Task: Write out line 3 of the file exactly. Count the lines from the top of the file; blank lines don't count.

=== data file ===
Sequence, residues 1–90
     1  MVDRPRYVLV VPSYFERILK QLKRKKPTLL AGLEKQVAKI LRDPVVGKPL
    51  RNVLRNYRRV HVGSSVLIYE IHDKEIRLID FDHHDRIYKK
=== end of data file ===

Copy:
    51  RNVLRNYRRV HVGSSVLIYE IHDKEIRLID FDHHDRIYKK